Motormen on Chicago freight subways sat down when their employer announced layoffs. Sit-down strikes included furniture workers in St. Louis, shirt company employees in Pulaski, Tennessee, leather workers in Girard, Ohio, broom manufacturing workers in Pueblo, Colorado, and oil workers in Seminole, Oklahoma. Department stores were particularly prone to sit-downs because employees could be replaced so easily in regular strikes. In Pittsburgh, C.G. Murphy store employees had a “folded arms” strike when they found no chairs available for a sit-down.
Sit-downs were successful even though unions had just been decimated by the Great Depression. They often occurred in shops where unions were weak. Workers at Yahr Lange Drug Co. had rejected unionization shortly before their sit-down. In 1934, union membership among Flint auto workers was only 528. The 137 tire builders who began the Great Goodyear Strike of 1936 with their sit-down included hardly any member of the rubber workers union.
In fact, sit-downs sometimes occurred because people distrusted union officials. Workers were frequently angry at delays in grievance procedures and the lack of attention to workplace demands. Since sit-downs are direct action by the people who see an injustice, there is no one to sell out the agreement. With a sit-down, workers do not go back to work until people are rehired, the workload is reduced to a human pace, dangerous chemicals are removed, sexual discrimination is stopped, or wages are restored.
“Normal” strikes involve unions’ giving management weeks or months of advance notice, which allows the company time to stockpile goods or otherwise prepare to defeat the strike. But both management and union leaders are caught unprepared by sit-downs. Management must respond quickly because the action brings production to a grinding halt. Workers then have tremendous leverage. Since they are occupying their place of work, it is extremely difficult for management to find scabs to replace sit-downers.
If you ask “Why did sit-downs come to a halt in the US?” you may hear that it was because a Supreme Court ruling made them illegal. Though on February 27, 1939, the Court ruled that sit-downs violated property owner rights, the ruling had little to do with the decline of sit-down strikes. For centuries, merely being in a union and taking any job action was illegal. If unions had never been willing to do anything illegal, they never would have come into existence.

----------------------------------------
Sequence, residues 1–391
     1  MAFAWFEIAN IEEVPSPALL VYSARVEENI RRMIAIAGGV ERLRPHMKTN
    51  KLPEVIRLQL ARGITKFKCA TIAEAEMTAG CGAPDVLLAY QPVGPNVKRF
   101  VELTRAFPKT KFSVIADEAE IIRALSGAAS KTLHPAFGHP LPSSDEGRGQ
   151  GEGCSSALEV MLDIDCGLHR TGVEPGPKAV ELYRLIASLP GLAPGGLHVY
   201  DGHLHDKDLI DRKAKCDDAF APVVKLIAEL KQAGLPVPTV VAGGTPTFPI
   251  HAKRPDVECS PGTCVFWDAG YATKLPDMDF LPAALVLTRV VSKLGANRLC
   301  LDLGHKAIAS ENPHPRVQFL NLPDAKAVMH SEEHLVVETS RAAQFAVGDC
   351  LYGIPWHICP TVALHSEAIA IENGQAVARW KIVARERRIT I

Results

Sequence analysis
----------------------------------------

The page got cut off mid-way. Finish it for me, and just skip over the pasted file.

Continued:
As Brecher observes in Strike!, court injunctions were used repeatedly against sit-downers during 1937. In other words, sit-downs were already illegal when they happened. And labor actions since the great sit-down wave have been won, despite being “illegal.” The most notable is the postal wildcat strike of March, 1970. Though striking against the government is a felony which can result in a year in jail, over 200,000 postal workers in 15 states joined strikers in New York City. Their action forced Congress to grant them a 24% wage increase.
It was repeated hostility by union officials that threw ice water on the sit-down movement. Union officials tend to want arbitration and negotiated settlements which give them a place at the table without taking personal risks. Throughout 1937, many union officials urged workers not to sit-down or to end strikes after they began. After 1937, collaboration between employers and union higher-ups increased.
Nevertheless, the idea of sitting down has inspired generations of activists for three quarters of a century. Beginning in the late 1950s, civil rights marchers recalled the labor tactic as they held sit-ins against racism at lunch counters throughout the South. During the height of US attacks on Vietnam in the late 1960s, hundreds of thousands of students sat-in at administration offices to protest their complicity with militarism. By the late 1970s, hardly a month went by without a sit-in to call attention to the destructive effects of nuclear power or other ecological catastrophes.
Labor has not forgotten the tactic. During the 1968 upheavals in France, many workers struck by occupying their workplaces. In the first decade of this century, there have been worker occupations in Canada, South Africa, England, France, Spain and Turkey. The most intense have been in Argentina.
With the financial crisis of 2001, one business after another looked like it would close and workers responded by taking over many of them. Moreover, they kept the companies running. According to Marie Trigona, 250 worker occupied enterprises have employed over 13,000 people. This has led Argentina to have some of the lengthiest recent experiences of worker management. Trigona believes that “the recuperated enterprises confirm that businesses don’t need bosses to produce.” For example, at the Zanon ceramics factory, workers hold general assemblies to make decisions about production.
The sit-down occupation best-known to Americans was at Republic Windows and Doors in December 2008. With construction business down, the Chicago company gave its over 200 workers three days to clear out. Instead, the members of UE Local 1100 took over the plant and groups of 30 kept it occupied so management could not move out its expensive machinery. After six days, they won.
Occupy Wall Street can trace itself to a great tradition which began in the US, spread across the globe in one movement after another, and returned to the US in 2011, only to go global again. When people sit down at work, at a lunch counter, at school, or in a park, they realize that they themselves have the power to collectively take back control of their lives from the 1%.
S. Bird, D. Georgakas, & D. Shaffer. (1985). Solidarity Forever: An Oral History of the IWW. Chicago: Lake View Press.
J. Brecher, (1977). Strike! Boston: South End Press.
R. Dyer, M. Fiorentino, M. Hoke, M. Reese, A. Sanchez & K. Sweeney. (December 15, 2008). Solidarity with Republic workers. Socialist Worker. http://socialistworker.org/2008/12/15/solidarity-with-republic-workers. This article appeared in Workers’ Republic — Scenes from a Successful Factory Occupation. LINKS International Journal of Socialist Renewal. Retrieved January 2, 2012 from http://links.org.au/node/804
R. Horowitz. (March–April, 1986). Behind the Hormel Strike: The Fifty Years of Local P-9. Against the Current. 1 (2), 13–18.
J.L. Kornbluh (Ed.) (2011). Rebel Voices: An IWW Anthology. Oakland, CA: PM Press.
M. Trigona. (Winter, 2010). Strategic Lessons from Latin America: Workplace Resistance and Self-Management. Synthesis/Regeneration: A Magazine of Green Social Thought No 51, 22–26.
S. Wier. (Fall, 1986). Hormel Strike Reveals Two Kinds of Unionism. Workers’ Democracy No 21, 1–7.